Helping carers - an important calling

Thu, 22 May 2014 09:18:00 +1000

Having to care for a loved one with cancer is one of life’s most difficult challenges. Unglamorous, it is usually undertaken with tremendous self-sacrifice and, of course, much distress and heartache.

Deakin’s Research Fellow, Dr Leila Heckel, believes that just three phone calls could make a big difference to the lives of carers. She understands intimately the challenges of this type of care, having cared for her own mother, who, fortunately, recovered from her illness.

Working within the School of Nursing and Midwifery, Dr Heckel is currently working with Professor Trish Livingston, Associate Dean (Research), Faculty of Health, co-ordinating an NHMRC-funded multi-centre randomised controlled trial that aims to improve support for Australian carers of cancer patients.

The three-year study, now half-way through, is measuring the efficacy and cost effectiveness of a telephone outcall program involving 230 people with cancer and their carers from three Victorian and one South Australian hospital. The calls, provided through the Victorian and South Australian Cancer Council Helplines, offer supportive care, information and referrals to relevant psycho-social services.  

“The value of informal carers to individuals, families and society is amazing, both economically and socially, and their support can last for years,” said Dr Heckel.

“Carers often assume this role in sudden and extreme circumstances, with minimal preparation and limited support from the healthcare system.”

“The provision of care is often physically, emotionally, socially and financially demanding, which can result in the neglect of carers’ own health needs. A recent study showed that almost half of carers provide from 21 to 40 hours, or more, of unpaid care each week.”

While they are providing practical, day-to-day physical care, carers are also having to deal with emotional reactions, such as worry, depression, anxiety, frustration and fatigue.

“While we are still looking at baseline data, we can already see how many carers have unmet needs, which can vary according to gender, age or socioeconomic status. It is important to address these needs to minimise burden and depression in this vulnerable group,” Dr Heckel said. “We also know that support is especially important at the very early stages of diagnosis and treatment.”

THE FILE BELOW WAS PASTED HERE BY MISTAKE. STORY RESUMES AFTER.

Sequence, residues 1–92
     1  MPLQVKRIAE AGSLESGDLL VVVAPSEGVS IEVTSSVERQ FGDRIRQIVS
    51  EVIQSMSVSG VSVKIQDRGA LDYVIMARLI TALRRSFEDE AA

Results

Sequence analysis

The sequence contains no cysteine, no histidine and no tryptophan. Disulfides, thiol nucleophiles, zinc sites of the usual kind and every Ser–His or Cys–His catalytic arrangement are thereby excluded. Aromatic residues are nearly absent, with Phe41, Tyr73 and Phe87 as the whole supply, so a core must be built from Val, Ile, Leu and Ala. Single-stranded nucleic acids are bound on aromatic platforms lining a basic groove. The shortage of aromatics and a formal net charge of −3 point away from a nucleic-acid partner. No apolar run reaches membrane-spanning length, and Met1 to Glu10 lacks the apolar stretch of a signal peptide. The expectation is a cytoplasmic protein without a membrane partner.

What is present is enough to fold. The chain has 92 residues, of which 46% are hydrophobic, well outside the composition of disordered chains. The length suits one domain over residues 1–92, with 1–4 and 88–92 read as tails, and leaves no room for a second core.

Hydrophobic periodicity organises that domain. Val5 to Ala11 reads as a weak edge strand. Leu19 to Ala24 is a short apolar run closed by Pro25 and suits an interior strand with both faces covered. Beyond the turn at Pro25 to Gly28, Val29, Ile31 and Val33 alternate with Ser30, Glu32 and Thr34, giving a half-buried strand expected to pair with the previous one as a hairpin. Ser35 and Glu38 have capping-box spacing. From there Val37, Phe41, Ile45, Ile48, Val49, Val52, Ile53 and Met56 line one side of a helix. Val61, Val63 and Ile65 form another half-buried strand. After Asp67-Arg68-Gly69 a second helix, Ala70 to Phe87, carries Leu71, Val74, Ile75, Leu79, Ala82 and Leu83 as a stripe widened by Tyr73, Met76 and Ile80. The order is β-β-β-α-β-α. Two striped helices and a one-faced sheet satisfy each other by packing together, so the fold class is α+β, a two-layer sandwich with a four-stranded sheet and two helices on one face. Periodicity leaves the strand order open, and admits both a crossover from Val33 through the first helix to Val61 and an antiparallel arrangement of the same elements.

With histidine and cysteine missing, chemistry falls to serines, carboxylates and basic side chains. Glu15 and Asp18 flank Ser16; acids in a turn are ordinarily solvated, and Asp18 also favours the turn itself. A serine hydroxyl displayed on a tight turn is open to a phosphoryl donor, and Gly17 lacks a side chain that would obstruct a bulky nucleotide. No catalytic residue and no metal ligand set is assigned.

“When they first receive the diagnosis, both the patient and carer are in shock and they struggle to absorb and process the information provided by their health professionals. Cancer treatment may cause severe side effects which can also be very challenging for the carer to deal with .”

Dr Heckel explained that the goal of the project is to provide three telephone outcalls to carers – an initial call soon after a patient’s diagnosis, a second during treatment, four weeks later, and a third, three months after that, when many patients have completed treatment and start the survivorship phase of their condition.

While this seems like a drop in the ocean, Dr Heckel believes the calls could “make a big difference to carers’ lives.”

“Many carers have severe time constraints. They may be working full-time, providing care, or attending medical appointments, for instance,” she said. “Phone call support is one of the most efficient and manageable ways to help them.”

“The use of a telephone service also means that access to information and counselling is not restricted by geography."

If the intervention is found to be effective, it has the potential to be established in cancer helplines across all states, servicing public and private, as well as metropolitan, rural and regional health services throughout Australia.

The infrastructure and staff are already in place, through the Cancer Council helplines, with the Victorian Helpline providing information and support to 23,100 individuals each year.

"Despite the support the cancer helpline provides, the research tells us that many carers are not aware of this valuable service," said Dr Heckel. "One of the aims of the project is to increase awareness of the service and the information and support it can provide to both patients and carers."

“The difference with our program is that we make the calls - providing the support that we know is needed.”

Dr Heckel made the move to Australia from her native Germany around 10 years ago, when she arrived to complete her PhD at the University of Wollongong. She spotted the job at Deakin while back in Germany caring for her own mother, who was suffering from a debilitating illness.

“I thought this was just the perfect study for me,” she said. “From my own experience, I understood how overwhelming caring is. There is so much responsibility, trying to come to grips with the illness, doing research on the internet, monitoring medication, and advocating for the patient.

"I thought it would be wonderful if I could help to improve the lives of other carers.”


Helping the carers - Dr Leila Heckel.
Helping the carers - Dr Leila Heckel.
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  • “Carers often assume this role in sudden and extreme circumstances, with minimal preparation and limited support from the healthcare system.”
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20th August 2012